Non-Pharmacological Options for Pain Management – Provider
Not all pain management requires the use of medication. Please see below for provider information on evidence-based, non-pharmacological treatment options that can be considered in treating pain.
- Opioids are not recommended as the first-line or routine therapy for chronic pain.
- Non-pharmacologic therapy and non-opioid pharmacologic therapy are preferred for chronic pain.
- If opioids are used, they should be combined with non-pharmacologic therapy and non-opioid pharmacologic therapy, as appropriate.
Effective approaches to chronic pain should:
- Identify and address co-existing mental health conditions (e.g., depression, anxiety, PTSD).
- Focus on functional goals and improvement, engaging patients actively in their pain management.
- Use disease-specific treatments when available (e.g., triptans for migraines, gabapentin/pregabalin/duloxetine for neuropathic pain).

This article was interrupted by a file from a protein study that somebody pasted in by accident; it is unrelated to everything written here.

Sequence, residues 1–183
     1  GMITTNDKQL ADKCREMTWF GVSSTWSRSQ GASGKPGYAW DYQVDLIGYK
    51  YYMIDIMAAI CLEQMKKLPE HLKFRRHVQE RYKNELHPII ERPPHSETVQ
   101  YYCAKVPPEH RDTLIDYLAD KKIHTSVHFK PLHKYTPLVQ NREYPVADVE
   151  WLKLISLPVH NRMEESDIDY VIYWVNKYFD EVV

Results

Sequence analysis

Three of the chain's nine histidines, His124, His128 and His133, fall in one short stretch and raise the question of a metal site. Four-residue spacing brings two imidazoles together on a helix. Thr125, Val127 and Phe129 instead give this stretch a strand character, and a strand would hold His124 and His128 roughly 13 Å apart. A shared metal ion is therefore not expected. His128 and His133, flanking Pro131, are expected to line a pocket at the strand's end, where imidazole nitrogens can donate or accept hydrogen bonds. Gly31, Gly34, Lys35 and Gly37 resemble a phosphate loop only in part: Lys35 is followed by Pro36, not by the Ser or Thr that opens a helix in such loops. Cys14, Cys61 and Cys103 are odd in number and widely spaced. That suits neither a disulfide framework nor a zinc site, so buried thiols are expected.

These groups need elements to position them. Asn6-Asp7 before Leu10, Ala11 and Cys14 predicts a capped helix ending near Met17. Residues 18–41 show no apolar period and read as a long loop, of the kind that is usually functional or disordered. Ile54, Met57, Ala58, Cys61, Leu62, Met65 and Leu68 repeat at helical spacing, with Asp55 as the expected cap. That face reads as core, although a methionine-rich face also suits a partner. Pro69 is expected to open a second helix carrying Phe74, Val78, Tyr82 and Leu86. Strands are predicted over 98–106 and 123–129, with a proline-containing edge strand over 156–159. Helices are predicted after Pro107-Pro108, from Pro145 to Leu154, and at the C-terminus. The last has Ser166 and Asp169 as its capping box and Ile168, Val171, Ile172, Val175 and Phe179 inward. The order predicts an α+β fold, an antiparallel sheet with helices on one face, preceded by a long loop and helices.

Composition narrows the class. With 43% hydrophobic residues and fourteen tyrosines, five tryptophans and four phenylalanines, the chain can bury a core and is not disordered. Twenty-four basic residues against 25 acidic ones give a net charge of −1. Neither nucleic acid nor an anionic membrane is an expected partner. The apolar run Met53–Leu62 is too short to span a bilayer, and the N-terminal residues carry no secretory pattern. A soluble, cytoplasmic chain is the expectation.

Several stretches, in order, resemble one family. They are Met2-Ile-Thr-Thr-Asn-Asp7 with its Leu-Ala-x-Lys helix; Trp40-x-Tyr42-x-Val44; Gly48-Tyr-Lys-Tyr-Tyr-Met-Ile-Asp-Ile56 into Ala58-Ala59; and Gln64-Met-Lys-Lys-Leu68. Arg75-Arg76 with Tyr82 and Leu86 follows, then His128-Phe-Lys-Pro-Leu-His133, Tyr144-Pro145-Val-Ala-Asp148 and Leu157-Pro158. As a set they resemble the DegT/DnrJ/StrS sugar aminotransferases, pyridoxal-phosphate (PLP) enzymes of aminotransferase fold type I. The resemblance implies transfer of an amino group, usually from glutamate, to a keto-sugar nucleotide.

- Use first-line medication options preferentially.
- Use multimodal approaches, including interdisciplinary rehabilitation for patients who have failed standard treatments, have severe functional deficits, or psychosocial risk factors.
- Non-pharmacological therapies (non-medication treatments): Referring to therapies that do not involve drugs.
- Non-opioid pharmacological treatments (medication treatments): Referring to non-opioid pain medications.
Non-Pharmacological Treatment Options for Pain
- This systematic review provides information on which noninvasive non-pharmacologic treatments for selected chronic pain conditions are associated with persistent improvement in function and pain outcomes at least 1 month after completion of treatment.
Summary of Non-Pharmacological Treatments